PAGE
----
Five assorted kids were running wild in the background. The visiting mother was a tall, large-breasted woman and as the pain grew worse, I struggled to keep my chin up to meet her gaze.

-I'm a public relations consultant, she said. So it's very difficult to know exactly where I will be on a particular day . . .

-Stop leaning against the wall, my wife said. Why can't you stand up on your feet?

The husband shook his head and sighed, staggered by the dimensions of the problem. I wanted to cup my balls.

An intense round of negotiations followed. I smiled through gritted teeth. There were numerous complications. Mondays. Tuesdays. Wednesdays. Thursdays. Fridays.

I could feel a fever coming on. After what seemed long enough for the international war crimes trial of a minor African warlord, it was done.

-My balls are hurting, I said to my wife once they had gone.

The emergency doctor came straight around and we grappled briefly in the children's bedroom, my wife having indicated this was where the examination should take place. My temperature was through the roof.

-You should have done straight to hospital, the doctor said. Rather than calling me. If there's torsion in the balls, you have only six hours to save them.

-Six hours? To save my balls?

My balls: six hours.

-When did they start hurting? he asked.

-They've been hurting for . . . a few hours, I said.

The ambulance was soon there and I was bundled into the back. Off we went, red light flashing, into unchartered territory. My amazing years of potency, it seemed, could be drawing to a spectacular end.

When I came back home it was possible that I would be . . . something else.

At the hospital a woman in a white coat pulled me out of the waiting room and took me to the guy that was going to examine me.

Except that there was no guy.

How could there be no guy? She wasn't going to . . . it wasn't possible that . . . oh no.

I looked at her again and three crucial points struck me. In this order.

1. She was wearing knee-high leather boots.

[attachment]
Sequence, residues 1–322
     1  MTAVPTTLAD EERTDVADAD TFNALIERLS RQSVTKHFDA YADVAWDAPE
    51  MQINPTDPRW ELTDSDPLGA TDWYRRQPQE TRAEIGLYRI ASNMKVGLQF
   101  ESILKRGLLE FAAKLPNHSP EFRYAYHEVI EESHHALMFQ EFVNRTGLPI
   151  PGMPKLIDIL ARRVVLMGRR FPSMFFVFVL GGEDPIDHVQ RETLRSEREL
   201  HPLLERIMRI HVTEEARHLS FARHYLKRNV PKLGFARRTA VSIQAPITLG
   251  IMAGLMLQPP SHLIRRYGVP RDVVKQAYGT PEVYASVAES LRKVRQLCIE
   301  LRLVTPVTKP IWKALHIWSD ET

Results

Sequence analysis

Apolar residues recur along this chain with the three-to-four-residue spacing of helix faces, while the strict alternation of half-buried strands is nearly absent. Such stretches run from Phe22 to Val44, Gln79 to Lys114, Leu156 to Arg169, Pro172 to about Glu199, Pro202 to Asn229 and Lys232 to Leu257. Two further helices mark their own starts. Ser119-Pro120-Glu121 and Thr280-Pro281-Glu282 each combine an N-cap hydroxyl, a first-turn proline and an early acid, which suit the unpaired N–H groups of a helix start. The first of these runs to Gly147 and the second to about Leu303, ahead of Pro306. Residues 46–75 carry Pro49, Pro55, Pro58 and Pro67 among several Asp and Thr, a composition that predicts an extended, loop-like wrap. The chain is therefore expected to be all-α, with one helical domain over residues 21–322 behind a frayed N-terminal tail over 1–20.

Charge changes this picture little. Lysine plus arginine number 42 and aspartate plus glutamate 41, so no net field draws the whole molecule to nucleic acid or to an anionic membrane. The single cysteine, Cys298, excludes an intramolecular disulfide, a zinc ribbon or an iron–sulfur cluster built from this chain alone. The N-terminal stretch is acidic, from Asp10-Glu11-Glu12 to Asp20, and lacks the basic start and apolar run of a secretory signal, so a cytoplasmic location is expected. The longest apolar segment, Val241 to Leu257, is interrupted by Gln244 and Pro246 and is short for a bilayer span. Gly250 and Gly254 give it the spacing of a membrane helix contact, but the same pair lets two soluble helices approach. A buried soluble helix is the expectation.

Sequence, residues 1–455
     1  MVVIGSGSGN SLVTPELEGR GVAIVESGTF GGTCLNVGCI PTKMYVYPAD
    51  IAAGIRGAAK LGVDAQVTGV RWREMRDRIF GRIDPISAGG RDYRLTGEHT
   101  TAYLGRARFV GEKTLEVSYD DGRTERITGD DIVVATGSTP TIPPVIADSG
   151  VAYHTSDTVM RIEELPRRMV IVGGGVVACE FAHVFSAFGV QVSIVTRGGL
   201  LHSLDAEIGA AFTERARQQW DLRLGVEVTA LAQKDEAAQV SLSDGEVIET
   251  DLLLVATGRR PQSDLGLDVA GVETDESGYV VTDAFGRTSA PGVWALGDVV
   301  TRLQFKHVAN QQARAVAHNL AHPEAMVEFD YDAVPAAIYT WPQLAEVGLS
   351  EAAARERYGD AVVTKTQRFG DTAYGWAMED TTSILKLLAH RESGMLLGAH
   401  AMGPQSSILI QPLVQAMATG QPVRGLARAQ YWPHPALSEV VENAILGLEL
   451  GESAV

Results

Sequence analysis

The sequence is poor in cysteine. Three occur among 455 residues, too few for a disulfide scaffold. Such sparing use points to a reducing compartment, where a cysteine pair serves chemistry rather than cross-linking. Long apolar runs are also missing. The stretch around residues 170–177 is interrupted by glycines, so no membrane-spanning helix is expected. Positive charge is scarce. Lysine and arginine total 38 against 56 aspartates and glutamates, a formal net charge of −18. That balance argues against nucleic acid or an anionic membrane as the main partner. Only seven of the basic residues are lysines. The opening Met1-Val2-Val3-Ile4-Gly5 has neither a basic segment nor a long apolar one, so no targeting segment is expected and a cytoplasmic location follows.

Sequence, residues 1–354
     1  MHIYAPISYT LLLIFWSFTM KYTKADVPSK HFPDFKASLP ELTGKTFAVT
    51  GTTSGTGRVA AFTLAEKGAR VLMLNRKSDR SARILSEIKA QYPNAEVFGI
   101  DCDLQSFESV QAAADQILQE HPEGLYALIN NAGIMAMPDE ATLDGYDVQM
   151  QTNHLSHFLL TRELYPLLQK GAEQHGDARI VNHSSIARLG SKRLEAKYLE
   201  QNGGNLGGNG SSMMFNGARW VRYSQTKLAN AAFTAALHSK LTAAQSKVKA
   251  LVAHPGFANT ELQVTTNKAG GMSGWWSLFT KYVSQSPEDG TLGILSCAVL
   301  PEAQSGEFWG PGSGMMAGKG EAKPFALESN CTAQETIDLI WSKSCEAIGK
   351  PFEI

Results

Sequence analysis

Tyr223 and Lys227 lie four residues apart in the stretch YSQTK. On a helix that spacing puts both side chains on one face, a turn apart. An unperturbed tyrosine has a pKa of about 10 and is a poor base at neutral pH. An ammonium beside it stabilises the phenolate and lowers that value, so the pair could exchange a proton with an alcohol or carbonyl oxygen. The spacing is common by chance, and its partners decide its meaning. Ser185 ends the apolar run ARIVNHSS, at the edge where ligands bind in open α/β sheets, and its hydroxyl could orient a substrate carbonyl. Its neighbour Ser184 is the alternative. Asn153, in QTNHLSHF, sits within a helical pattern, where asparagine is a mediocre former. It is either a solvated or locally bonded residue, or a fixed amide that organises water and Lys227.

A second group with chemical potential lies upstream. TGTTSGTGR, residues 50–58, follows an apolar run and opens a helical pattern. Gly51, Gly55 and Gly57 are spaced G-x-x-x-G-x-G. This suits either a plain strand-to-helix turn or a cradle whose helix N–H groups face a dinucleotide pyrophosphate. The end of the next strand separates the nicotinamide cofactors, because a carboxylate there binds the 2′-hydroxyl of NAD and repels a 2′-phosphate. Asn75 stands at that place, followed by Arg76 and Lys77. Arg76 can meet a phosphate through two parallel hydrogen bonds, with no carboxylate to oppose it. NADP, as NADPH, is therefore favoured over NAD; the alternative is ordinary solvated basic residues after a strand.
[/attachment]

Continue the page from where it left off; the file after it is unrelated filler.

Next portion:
2. She was wearing black pantyhose. It had to be pantyhose, the alternative didn't bear thinking about.
3. A quick glance at her face showed her to be aged between 18 and 70 and free of any major disfiguring marks.

This was an infringement of my human rights. I would write to my health insurance company. I would complain to the association of balls doctors.

No, more than that. I would contact my Member of European Parliament.

I took my trousers off in the changing cubicle. Then I stepped into her office.

I lay down glumly on the couch.

-Please take your penis in your hand, she said.

She was wearing latex gloves. She rubbed a cold liquid on my balls. The she ran a scanning device across them. She studied the results on a big screen in front of her. I could see now that she was about 50, wore glasses and had brown, mousy hair.

Her manner was quick and professional. This was crazy beyond my wildest dreams. My private little world had not been breached. She might as well have been a dentist. It might as well have been my teeth.

-There's no torsion, she told me. You have a minor case of epididymitis. You'll have to take some medicine.

-No torsion, I said. I struggled to absorb the news.

I was still me. I was going to leave here and end this day just as I had started it.

-I just need to do one more test, she said.

She squeezed the skin on one ball between her fingers and I screamed. She squeezed the other ball. I screamed again.

-That's right, she said. Scream! She grinned at me with a toothy leer. Come on, SCREAM! Which one hurts the most?

-Both of them!

-Perfect, she said.

She laughed and I roared in tortured relief.


At home I sagged triumphantly into an armchair. I was exhausted but the medicine was already starting to wash the pain away.

-Dad! Dad!

One of my kids came hobbling up to me.